Thursday 17 Apr
 
 

Dustin Prinz - Eleven

Few musicians take the time to master their instrument in the way that Oklahoma City singer-songwriter Dustin Prinz has; he’s a guitar virtuoso in every sense of the word, and Eleven gives him the chance to show just how far he can push that skill.
04/15/2014 | Comments 0

Horse Thief – Fear in Bliss

Listening to Horse Thief’s previous release — the haphazardly melodramatic Grow Deep, Grow Wild — felt like a chore. Whatever potential the Oklahoma City folk-pop act demonstrated on the EP was obscured behind a formulaic, contrived and ultimately hollow cloud. But it at least offered a glimmer of promise for a band consisting of, frankly, five pretty talented dudes. Critics saw it; the band’s management saw it; its current label, Bella Union, saw it; and its increasingly fervid fan base saw it.
04/08/2014 | Comments 0

Colourmusic — May You Marry Rich

There’s always a sense of danger when debuting songs in a live setting and playing them well. Without having heard the studio versions, expectations are set according to the live incarnations. But capturing the breadth of free-flowing atmosphere and sheer volume on a disc, vinyl or digital file isn’t the easiest thing to do, especially for a band as vociferous as Colourmusic.
04/01/2014 | Comments 0

Em and the MotherSuperiors — Churches into Theaters

As titles go, Churches into Theaters is an apt descriptor for the debut album from Oklahoma City rockers Em and the MotherSuperiors. It’s a reverential record, one that shares the gospel of classic rock, blues and soul but embraces the need to refashion it for modern times, channeling The Dead Weather, Grace Potter and Cage the Elephant along the way.
03/25/2014 | Comments 0

Rachel Brashear — Revolution

Rachel Brashear’s second EP, Revolution, starts with a kick to the shins.
03/18/2014 | Comments 0
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American dance pioneer Anna Halprin's often-controversial career subject of 'Breath Made Visible'


Mike Robertson May 20th, 2010

Art, in its purest form, isn't about money or fans or Facebook liking or even about making sense to anyone in particular. It's about the artist doing whatever he or she feels like to move an inner vis...

breath_made_visible_7-06x4-69cm
Art, in its purest form, isn't about money or fans or Facebook liking or even about making sense to anyone in particular. It's about the artist doing whatever he or she feels like to move an inner vision of reality into the outside world.

Some people paint, some people write, some people sew, and some people even macramé. There's no doubt that art is a therapeutic process that makes those people feel better. On the other hand, there's no guarantee what every artist does will make others feel the same way.

"Breath Made Visible" concerns Anna Halprin, a woman who has been expressing her own inner universe through dance for some 80 years. She says she always loved dancing "just for fun," and that when she was 5 her mother enrolled her in ballet classes. Young Anna didn't have what it took to meet the rigid strictures of classical dance, and so she was laughed out of class. Fortunately, she was living during the early days of modern dance, and was enrolled in a place where she could freestyle to her heart's content and everyone thought she was fantastic.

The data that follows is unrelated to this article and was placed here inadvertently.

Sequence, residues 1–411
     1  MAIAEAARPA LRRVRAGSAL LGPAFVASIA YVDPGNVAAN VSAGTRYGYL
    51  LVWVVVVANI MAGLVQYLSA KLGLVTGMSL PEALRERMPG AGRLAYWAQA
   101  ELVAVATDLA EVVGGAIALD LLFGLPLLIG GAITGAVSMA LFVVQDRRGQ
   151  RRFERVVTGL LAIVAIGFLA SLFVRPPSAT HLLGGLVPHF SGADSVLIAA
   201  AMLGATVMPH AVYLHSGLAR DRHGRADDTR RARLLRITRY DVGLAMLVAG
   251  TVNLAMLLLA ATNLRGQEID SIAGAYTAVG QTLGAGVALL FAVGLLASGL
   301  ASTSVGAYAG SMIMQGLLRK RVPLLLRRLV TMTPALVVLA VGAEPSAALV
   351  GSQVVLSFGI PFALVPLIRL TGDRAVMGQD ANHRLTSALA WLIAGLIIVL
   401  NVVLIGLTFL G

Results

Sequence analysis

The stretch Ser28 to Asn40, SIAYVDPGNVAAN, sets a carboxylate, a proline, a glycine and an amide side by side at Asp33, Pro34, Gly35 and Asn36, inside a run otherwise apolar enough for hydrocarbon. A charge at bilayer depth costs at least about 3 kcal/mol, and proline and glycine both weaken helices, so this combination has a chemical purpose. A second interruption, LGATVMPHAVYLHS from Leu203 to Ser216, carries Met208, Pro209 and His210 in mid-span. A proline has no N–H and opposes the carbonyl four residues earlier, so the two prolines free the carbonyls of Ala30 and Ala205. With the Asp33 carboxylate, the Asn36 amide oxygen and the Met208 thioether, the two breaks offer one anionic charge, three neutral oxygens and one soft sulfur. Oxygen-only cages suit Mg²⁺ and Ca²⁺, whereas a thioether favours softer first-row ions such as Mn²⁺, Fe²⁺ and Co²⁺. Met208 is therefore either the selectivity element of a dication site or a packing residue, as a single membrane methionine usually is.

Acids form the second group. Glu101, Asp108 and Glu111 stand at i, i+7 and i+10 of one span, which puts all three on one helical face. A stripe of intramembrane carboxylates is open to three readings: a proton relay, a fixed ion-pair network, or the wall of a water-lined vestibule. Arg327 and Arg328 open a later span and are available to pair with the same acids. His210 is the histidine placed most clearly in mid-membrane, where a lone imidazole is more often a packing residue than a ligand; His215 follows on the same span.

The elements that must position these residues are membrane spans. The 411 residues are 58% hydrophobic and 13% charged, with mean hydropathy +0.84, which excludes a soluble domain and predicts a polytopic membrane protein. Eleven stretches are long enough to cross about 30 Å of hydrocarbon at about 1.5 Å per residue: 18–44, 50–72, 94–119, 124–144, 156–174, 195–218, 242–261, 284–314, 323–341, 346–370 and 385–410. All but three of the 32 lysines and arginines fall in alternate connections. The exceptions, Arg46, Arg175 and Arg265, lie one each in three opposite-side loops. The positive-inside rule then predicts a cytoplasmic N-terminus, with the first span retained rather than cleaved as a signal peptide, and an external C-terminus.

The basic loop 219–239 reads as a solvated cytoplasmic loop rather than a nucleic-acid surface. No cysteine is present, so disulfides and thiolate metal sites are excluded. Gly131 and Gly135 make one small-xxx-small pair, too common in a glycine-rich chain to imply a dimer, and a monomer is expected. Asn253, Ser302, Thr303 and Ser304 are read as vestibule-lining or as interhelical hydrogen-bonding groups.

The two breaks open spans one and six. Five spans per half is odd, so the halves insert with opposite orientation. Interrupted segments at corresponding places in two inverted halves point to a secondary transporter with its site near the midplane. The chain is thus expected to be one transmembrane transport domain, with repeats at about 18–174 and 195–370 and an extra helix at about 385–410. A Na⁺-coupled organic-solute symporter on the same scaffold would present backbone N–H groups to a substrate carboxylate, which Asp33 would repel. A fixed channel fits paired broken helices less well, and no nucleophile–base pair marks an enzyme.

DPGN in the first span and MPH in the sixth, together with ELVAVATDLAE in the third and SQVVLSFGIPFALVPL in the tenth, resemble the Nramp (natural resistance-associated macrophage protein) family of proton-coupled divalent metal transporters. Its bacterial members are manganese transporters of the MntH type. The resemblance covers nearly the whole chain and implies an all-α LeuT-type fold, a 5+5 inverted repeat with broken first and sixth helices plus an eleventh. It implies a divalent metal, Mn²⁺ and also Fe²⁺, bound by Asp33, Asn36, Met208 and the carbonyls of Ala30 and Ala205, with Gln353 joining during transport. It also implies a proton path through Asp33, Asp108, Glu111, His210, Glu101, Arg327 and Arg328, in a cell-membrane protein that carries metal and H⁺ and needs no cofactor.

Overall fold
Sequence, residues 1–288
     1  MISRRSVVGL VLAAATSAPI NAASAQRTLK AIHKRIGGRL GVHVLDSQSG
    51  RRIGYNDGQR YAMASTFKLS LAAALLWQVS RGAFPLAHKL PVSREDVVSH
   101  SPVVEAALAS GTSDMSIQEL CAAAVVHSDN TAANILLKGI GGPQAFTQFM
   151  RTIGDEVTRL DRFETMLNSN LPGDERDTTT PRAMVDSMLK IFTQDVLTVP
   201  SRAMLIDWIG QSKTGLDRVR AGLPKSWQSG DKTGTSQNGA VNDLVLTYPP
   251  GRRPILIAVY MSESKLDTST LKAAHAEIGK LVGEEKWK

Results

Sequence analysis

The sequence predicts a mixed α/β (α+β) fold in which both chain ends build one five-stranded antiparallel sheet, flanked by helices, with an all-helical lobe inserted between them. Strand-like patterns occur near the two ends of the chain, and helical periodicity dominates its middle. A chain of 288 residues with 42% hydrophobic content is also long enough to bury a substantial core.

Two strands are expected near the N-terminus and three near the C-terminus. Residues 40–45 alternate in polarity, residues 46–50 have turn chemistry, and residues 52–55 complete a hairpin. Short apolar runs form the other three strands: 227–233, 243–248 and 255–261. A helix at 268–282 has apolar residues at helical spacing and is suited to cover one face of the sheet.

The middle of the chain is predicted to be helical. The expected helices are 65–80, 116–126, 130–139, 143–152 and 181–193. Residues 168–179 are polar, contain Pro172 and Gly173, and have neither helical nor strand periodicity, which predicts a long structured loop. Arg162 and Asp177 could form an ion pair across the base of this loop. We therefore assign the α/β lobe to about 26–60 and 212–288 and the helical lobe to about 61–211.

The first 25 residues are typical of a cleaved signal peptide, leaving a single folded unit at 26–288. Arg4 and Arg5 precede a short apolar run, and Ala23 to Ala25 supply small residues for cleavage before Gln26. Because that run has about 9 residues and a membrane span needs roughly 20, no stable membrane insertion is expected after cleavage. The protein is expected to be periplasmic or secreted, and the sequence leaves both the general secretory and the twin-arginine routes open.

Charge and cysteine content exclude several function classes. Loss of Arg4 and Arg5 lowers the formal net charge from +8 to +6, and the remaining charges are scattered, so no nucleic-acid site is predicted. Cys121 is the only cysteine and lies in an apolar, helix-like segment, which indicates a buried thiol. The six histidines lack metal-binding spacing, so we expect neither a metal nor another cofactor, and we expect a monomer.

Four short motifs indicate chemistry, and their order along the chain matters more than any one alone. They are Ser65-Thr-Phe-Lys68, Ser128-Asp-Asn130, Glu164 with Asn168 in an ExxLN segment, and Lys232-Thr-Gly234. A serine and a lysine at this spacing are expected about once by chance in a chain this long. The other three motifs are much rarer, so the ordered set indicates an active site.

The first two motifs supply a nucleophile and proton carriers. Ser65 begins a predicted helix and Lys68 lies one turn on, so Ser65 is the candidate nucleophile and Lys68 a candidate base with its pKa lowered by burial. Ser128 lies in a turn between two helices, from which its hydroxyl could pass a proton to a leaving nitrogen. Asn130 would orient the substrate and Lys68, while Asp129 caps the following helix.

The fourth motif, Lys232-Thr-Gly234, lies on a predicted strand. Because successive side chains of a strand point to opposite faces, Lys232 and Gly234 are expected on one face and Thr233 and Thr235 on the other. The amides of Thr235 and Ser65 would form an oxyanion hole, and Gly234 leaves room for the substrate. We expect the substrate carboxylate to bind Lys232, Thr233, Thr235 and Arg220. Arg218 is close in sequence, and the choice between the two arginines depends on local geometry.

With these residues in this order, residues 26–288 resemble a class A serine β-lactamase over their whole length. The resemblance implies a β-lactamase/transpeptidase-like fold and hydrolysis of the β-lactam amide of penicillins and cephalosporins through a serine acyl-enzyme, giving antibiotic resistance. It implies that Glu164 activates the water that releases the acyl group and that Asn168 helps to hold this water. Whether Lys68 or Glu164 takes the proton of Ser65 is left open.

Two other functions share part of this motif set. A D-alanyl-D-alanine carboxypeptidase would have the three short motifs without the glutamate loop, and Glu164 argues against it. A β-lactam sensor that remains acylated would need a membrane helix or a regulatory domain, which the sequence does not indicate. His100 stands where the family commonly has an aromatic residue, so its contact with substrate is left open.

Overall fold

The documentary screens Friday and Saturday at the Oklahoma City Museum of Art.

As a young woman, Halprin got more involved in modern and interpretive dance, eventually adopting a style that could be described as a sort of kinetic impressionism. Back in the early days, she was interested in telling more or less straight narrative tales with movement, but over time, the stories became progressively abstract, even controversial.

In an especially Jackson Pollock-esque moment, Halprin and crew got international attention by slowly undressing to Petula Clark's "Downtown." Once disrobed, the group would move on to tearing up huge swaths of butcher paper, accompanied by "In My Room" by The Beach Boys. It isn't clear whether it was the popular music that made this compelling back in the '60s or just the bewbz; one supposes it could have been either or both.

The dancing parts in "Breath Made Visible" are actually incidental, serving mostly as an expression of and a means for framing Halprin's personality. As pretentious and downright strange as her work come off at times, one has to admire the absolute sense of importance she holds for herself and her role as an artist.

As the decades go by, she dedicates herself to addressing various social ills such as racism after the Watts riots of 1965, the Vietnam War, the AIDS epidemic in the late '80s, and helping the elderly retain a sense of dignity and liveliness in their waning years.

Even when she's rolling around on a beach wrapped in panty hose, it's obvious that even if what she's doing makes no sense to you, it makes perfect sense to Halprin. This absolute conviction is what makes her what she claims to be, a "pure" artist, breaking every boundary she can find.
There may not be anything especially meaningful on the other side, but it's entertaining to watch her nonetheless. "Mike Robertson
 
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